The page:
Results tagged ‘ Natioanls ’
Mike Rizzo is no longer acting general manager of the Nationals. He will be named the permanent GM at a news conference on Thursday at Nationals Park, according to a baseball source.
The Nationals made the decision that Rizzo was their man a couple of days ago.
In March, the Nationals named Rizzo acting general manager, two days after Jim Bowden resigned from the GM position. Rizzo has handled responsibilities related to the Major League, Minor League and scouting operations of the organization. Day-to-day inquiries related to player personnel have been directed to Rizzo, with team president Stan Kasten having key hands-on involvement.
Since taking the job, Rizzo has made upgrades to the bullpen by adding Mike McDougal, Jorge Sosa and Ron Villone, and he gained authorization to acquire outfielder Nyjer Morgan and left-hander Sean Burnett from the Pirates for outfielder Lastings Milledge and right-hander Joel Hanrahan. The deal with Pittsburgh has played out initially as a considerably favorable one for Washington. Rizzo was also in place during a switch at manager that has resulted in better performance this month.
Rizzo, as expected for any person in his role, was a visible figure in the efforts to get No. 1 pick Stephen Strasburg signed before Monday’s midnight ET deadline.
“Mike keeps his energy level high,” interim manager Jim Riggleman said. “He always comes in fired up — always talking about today’s game and last night’s game. He is very much in tune to the strengths and weaknesses of the club. I really enjoy working with him.
“I think he has been very patient with the roster in terms of the position players, but has not hesitated to make moves when we were failing as a pitching staff. I think he was willing to go down to Syracuse and keep changing it up until we found the right mix. So it’s a great combination. He’s showed aggressiveness and patience.”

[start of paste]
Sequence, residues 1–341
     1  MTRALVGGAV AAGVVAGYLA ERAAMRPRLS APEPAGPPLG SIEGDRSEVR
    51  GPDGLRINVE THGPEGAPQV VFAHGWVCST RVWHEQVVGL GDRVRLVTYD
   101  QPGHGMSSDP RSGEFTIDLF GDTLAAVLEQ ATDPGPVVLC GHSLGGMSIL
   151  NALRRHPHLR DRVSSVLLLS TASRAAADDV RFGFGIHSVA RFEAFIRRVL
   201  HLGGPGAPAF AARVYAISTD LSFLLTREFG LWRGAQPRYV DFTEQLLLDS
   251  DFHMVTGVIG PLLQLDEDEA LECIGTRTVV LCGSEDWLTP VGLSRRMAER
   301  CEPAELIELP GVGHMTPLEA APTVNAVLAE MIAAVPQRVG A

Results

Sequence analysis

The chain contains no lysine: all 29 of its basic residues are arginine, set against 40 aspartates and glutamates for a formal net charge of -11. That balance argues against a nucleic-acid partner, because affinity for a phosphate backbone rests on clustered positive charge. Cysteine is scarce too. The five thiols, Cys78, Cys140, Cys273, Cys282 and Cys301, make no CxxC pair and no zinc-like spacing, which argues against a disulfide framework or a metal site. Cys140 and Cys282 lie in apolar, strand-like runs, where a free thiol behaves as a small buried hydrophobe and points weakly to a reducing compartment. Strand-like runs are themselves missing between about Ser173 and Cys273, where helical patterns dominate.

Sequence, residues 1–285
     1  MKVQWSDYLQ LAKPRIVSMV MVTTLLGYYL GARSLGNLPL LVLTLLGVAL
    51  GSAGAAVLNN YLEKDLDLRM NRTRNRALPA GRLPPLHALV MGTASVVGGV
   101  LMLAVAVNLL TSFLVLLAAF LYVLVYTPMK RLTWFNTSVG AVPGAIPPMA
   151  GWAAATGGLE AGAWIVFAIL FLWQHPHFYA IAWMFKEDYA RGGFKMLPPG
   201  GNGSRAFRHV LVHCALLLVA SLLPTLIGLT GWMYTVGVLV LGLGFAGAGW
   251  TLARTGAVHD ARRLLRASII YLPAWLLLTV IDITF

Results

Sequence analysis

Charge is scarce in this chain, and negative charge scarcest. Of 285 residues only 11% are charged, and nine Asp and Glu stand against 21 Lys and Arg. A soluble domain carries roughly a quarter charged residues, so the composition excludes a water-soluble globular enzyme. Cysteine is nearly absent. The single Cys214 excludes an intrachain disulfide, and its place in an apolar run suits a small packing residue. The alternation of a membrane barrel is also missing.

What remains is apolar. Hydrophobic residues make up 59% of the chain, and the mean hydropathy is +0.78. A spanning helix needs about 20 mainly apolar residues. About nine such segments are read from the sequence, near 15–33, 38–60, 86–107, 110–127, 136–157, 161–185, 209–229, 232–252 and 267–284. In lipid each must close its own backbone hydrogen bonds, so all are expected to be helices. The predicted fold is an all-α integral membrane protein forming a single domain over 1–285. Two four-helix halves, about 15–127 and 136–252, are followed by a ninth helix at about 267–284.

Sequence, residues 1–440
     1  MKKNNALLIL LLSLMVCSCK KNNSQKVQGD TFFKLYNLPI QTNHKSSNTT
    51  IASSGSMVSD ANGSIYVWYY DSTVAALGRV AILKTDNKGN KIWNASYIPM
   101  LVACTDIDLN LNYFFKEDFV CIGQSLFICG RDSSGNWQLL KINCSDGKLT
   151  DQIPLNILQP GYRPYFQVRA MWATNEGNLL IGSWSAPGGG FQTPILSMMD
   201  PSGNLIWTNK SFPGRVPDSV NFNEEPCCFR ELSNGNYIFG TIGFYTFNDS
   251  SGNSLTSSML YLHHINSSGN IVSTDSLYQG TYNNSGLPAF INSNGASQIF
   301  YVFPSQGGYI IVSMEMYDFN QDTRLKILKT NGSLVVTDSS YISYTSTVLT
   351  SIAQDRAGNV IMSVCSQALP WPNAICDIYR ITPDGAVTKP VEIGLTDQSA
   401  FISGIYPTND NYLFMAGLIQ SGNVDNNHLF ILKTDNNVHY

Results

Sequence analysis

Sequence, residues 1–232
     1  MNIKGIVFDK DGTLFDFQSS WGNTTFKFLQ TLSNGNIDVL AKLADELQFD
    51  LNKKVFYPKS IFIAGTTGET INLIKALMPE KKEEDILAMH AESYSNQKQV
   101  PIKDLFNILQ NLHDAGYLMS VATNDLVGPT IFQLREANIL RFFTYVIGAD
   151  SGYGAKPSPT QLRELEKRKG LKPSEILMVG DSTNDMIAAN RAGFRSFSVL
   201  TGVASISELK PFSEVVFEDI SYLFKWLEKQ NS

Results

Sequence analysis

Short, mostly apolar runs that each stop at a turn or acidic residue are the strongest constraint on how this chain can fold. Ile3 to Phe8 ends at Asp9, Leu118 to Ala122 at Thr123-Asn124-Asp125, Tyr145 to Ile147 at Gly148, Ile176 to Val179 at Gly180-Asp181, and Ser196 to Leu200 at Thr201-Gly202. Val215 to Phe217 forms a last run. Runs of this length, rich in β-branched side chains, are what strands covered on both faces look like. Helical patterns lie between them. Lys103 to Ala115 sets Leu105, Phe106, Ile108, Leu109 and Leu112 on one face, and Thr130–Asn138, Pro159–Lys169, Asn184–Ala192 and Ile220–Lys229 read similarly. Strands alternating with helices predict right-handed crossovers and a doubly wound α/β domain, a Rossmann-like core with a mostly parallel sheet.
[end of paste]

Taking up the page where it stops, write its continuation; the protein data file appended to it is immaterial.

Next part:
Right-hander Stephen Strasburg, the Nationals’ No. 1 pick in the 2009 First-Year Player Draft, is tentatively scheduled to be introduced at a press conference Friday at Nationals Park.
Strasburg will stay with the team until Monday and then go to Viera, Fla., to get his arm back in shape. He hasn’t pitched in a competitive game since late May.
The Nationals are hoping that Strasburg will pitch in the Instructional League and then play in the Arizona Fall League.
Acting general manager Mike Rizzo said it’s highly unlikely that Strasburg will pitch in the Major Leagues this season or at the start of next season.
“Strasburg hasn’t pitched competitively since the 28th of May, so typically it’s a four or five week process to ramp him up [and let him pitch competitively],” Rizzo said. “It’s very unlikely [that he will pitch in the big leagues]. We expect to develop him at a usual pace. Hopefully, when he gets to the big leagues, he is ready to be here and he is everything that we think he is going to be here.”
Strasburg, 20, went 13-1 with a 1.32 ERA in 15 starts this season at San Diego State University en route to being named the Golden Spikes Award winner. He struck out 195 batters and issued just 19 walks in 109 innings.
Pagan – CF
Castillo – 2B
Murphy – 1B
Wright – 3B